Energy recuperation is hugely important to electric vehicles.
To prove how well the technology has come along, Audi invited me to ride along in a prototype Audi e-tron driving down from the summit of Pikes Peak.
Audi have not yet officially revealed the e-tron, but they disclosed the specs on the European Market Prototype that I rode in down the mountain – Disclaimer: THIS IS A EUROPEAN PROTOTYPE. Not only is it pre-production, but it is pre-production for a different market. While this prototype felt and looked very production ready, there is still plenty of time to tweak things before the reveal on September 17, 2018.
That being said, the model we were riding in had a 95kWh battery pack and two electric motors that combined for a total power output of 300kW – roughly 400 horsepower. Audi claims this setup will deliver the e-Tron to 60 MPH in 6.1 seconds.
Here is the challenge: take a battery depleted e-Tron from the top of Pikes Peak and drive it to the bottom, trying to regenerate as much battery as possible along the way.
Crunching the numbers
My ride started with 62% battery remaining and 151km of range left, according to the trip computer. The amount of battery we recuped was all up to the driver’s ability to navigate Audi’s regenerative brake settings. Fortunately, my driver was Marko Hörter who was the project manager on the e-Tron’s brake integration team. Seeing how he lead the project that would play a large part in how much energy we got back, I figured I was in good hands.
The e-Tron can send power to either axle if it deems it necessary. But, in normal driving conditions, the E-Tron appropriates 75% of its power to the rear axle, because the rear motor is larger. As a result, 75% of regenerated energy also comes from the rear axle.
The Audi e-Tron has three regeneration modes. There is ‘Coast’ mode, which minimizes regen when off the accelerator pedal, mode 1, and mode 2. Mode 2 has the most aggressive regenerative braking setting when taking your foot off the go pedal. I should note, the e-Tron can be driven with one foot, as the regenerative braking will bring it to a complete stop. Though, the decelerating force from simply lifting off the accelerator is nothing compared to a Nissan Leaf or BMW i3. This is because the Audi E-Tron uses regenerative braking as the main stopping force behind the brake pedal.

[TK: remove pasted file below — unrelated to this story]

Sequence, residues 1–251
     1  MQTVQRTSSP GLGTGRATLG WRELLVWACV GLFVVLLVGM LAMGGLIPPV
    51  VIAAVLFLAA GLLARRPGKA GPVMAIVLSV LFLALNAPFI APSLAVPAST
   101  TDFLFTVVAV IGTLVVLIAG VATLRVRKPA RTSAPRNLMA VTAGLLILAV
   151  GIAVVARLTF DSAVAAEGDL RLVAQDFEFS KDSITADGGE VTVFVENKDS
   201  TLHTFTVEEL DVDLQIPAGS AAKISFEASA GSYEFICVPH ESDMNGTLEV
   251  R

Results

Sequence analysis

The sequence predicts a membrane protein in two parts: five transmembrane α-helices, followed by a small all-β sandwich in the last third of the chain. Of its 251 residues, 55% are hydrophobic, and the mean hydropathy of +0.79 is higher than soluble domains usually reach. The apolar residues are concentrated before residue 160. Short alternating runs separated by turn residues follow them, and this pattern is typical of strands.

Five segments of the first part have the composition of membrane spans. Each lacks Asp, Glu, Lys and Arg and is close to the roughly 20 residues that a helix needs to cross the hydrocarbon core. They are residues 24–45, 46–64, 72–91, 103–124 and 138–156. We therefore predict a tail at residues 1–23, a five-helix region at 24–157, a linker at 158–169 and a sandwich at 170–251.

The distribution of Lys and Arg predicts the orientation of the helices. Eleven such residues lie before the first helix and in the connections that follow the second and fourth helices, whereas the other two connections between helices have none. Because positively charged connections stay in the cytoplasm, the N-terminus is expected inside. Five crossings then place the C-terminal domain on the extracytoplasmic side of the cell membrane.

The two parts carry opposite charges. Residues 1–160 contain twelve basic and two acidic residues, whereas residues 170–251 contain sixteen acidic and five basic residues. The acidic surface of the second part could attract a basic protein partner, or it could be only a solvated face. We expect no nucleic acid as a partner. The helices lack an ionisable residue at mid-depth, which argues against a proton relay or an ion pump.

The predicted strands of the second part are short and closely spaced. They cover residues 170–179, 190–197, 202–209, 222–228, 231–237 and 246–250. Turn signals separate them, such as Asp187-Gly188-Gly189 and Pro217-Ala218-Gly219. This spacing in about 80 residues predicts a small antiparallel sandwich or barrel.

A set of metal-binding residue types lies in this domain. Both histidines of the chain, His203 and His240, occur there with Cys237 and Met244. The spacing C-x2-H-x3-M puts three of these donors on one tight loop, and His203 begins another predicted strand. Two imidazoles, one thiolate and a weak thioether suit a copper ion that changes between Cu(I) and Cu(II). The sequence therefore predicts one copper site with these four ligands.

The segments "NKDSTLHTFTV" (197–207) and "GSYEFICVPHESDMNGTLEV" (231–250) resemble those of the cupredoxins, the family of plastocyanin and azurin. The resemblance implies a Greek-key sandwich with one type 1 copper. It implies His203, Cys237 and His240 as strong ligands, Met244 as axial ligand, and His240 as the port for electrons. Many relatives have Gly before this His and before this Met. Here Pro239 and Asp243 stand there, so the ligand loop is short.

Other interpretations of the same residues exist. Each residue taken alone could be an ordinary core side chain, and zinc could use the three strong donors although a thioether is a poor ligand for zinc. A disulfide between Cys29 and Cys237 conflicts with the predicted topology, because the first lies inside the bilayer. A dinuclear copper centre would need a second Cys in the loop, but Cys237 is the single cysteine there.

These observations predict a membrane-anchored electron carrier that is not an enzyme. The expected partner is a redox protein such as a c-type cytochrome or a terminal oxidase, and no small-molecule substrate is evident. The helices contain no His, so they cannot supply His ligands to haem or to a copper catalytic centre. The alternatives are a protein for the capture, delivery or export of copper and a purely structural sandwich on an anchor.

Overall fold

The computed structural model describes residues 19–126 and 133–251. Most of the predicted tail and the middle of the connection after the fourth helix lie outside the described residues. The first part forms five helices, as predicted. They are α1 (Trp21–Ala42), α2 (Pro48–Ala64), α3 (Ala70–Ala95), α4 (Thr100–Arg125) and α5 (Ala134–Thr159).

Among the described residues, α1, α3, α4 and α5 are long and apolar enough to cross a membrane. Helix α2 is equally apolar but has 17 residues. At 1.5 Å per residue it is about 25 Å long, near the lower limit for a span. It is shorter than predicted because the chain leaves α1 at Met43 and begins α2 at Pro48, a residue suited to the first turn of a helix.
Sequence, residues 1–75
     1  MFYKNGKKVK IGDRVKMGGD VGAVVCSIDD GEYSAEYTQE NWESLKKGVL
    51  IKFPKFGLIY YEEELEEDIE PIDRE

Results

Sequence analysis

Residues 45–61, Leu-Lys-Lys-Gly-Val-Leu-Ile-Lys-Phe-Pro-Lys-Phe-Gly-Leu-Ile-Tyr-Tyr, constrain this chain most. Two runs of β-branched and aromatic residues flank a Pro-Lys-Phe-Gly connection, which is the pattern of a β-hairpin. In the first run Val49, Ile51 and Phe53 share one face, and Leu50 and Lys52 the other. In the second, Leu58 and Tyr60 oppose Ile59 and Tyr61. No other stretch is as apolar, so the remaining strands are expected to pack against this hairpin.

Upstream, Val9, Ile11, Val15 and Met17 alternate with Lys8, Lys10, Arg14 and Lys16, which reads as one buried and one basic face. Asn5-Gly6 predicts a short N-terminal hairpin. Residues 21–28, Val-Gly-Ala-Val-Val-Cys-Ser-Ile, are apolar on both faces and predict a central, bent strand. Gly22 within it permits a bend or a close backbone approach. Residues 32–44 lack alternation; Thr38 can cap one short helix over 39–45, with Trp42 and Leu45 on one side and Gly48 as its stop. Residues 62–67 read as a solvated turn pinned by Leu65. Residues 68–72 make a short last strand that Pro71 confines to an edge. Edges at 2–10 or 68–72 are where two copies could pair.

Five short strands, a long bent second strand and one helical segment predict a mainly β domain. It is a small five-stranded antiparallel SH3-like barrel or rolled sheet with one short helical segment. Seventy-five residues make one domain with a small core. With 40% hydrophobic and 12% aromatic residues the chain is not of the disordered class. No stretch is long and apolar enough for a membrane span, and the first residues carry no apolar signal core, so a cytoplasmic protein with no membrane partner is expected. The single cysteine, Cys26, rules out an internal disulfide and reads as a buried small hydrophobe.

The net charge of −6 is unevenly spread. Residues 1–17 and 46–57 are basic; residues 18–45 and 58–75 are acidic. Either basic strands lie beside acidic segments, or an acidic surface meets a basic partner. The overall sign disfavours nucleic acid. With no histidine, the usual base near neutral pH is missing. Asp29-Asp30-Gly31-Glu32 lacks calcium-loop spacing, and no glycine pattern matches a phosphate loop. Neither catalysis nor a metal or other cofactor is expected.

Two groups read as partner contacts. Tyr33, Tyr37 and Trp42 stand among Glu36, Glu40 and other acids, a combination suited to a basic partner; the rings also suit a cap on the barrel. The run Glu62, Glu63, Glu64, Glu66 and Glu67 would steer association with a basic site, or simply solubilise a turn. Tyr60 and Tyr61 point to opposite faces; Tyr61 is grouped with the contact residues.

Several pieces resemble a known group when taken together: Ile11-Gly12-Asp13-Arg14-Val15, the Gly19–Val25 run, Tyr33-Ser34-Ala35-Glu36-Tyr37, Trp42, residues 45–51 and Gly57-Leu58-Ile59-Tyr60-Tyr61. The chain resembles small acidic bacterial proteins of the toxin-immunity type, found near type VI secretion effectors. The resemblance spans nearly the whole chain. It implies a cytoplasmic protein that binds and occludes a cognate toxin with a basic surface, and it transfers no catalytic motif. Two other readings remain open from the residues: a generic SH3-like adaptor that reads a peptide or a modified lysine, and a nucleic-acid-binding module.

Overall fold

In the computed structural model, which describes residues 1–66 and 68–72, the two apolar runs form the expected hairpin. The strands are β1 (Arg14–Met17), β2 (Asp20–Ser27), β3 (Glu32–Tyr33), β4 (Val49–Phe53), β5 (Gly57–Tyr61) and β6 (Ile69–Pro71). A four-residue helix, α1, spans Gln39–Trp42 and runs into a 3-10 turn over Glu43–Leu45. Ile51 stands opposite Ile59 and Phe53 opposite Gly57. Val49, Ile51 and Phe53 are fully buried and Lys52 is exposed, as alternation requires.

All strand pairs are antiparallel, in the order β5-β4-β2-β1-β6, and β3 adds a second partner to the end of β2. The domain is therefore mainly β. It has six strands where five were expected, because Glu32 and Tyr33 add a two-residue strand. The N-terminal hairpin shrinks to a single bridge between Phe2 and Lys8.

Different approach to braking
Audi did some research and learned that only 10% of brake applications would require a braking force hard enough to necessitate using the actual brakes. Unless you exceed 0.3g of braking force, the e-Tron solely utilizes regenerative force to brake the car, resulting in less energy wasted as heat in the brake pads.
We reached the half-way point down the mountain, Glen Cove, where the Pikes Peak organization has a mandatory brake check set up. The average car usually has a brake temp somewhere around 150 degrees Fahrenheit by this point. If the brakes are hotter than 300 degrees, drivers are asked to park and wait for their brakes to cool down before proceeding. I asked the park ranger what the hottest temp he recorded was, “somewhere around 800, 900 degrees”, he said.
How were the e-Tron’s brakes? They measured a cool-to-the-touch 45 degrees Fahrenheit. The concrete measured 32 degrees. Basically, Marko had not touched the physical disk brakes outside of parking the e-Tron once or twice. Regen was the only force keeping us from flying 2,000 feet to our demise. If you are wondering why I said “cool-to-the-touch”, I literally touched the brake disks, and they were cold.
Completing the Journey
We continued on our merry way down the mountain until we reached the gate, marking the end of our test route. In total, we drove 18 miles, lost 6,350 feet in elevation and gained a significant amount of range. By the bottom, our range had jumped from 151km to 260km (94 to 162 miles). That means we gained 3.72 miles of range for every mile we drove downhill.
Audi gave us a large iPad that displayed realtime data streamed from our car during the run. After completing our downhill portion, we were given a readout that said we recuperated 12kWh of battery in total. That works out to roughly 12.6-percent battery regenerated over the course of the run.
Audi have still not released a whole lot of information about the 2019 Audi e-Tron. We will surely find out a lot more come September 17, when Audi has plans the car’s official launch.
We will be covering the Audi e-Tron as it gets closer to launch. Stay tuned to TFLcar.com for all the latest news, views & real-world reviews and, of course, more videos on the 2019 Audi e-Tron!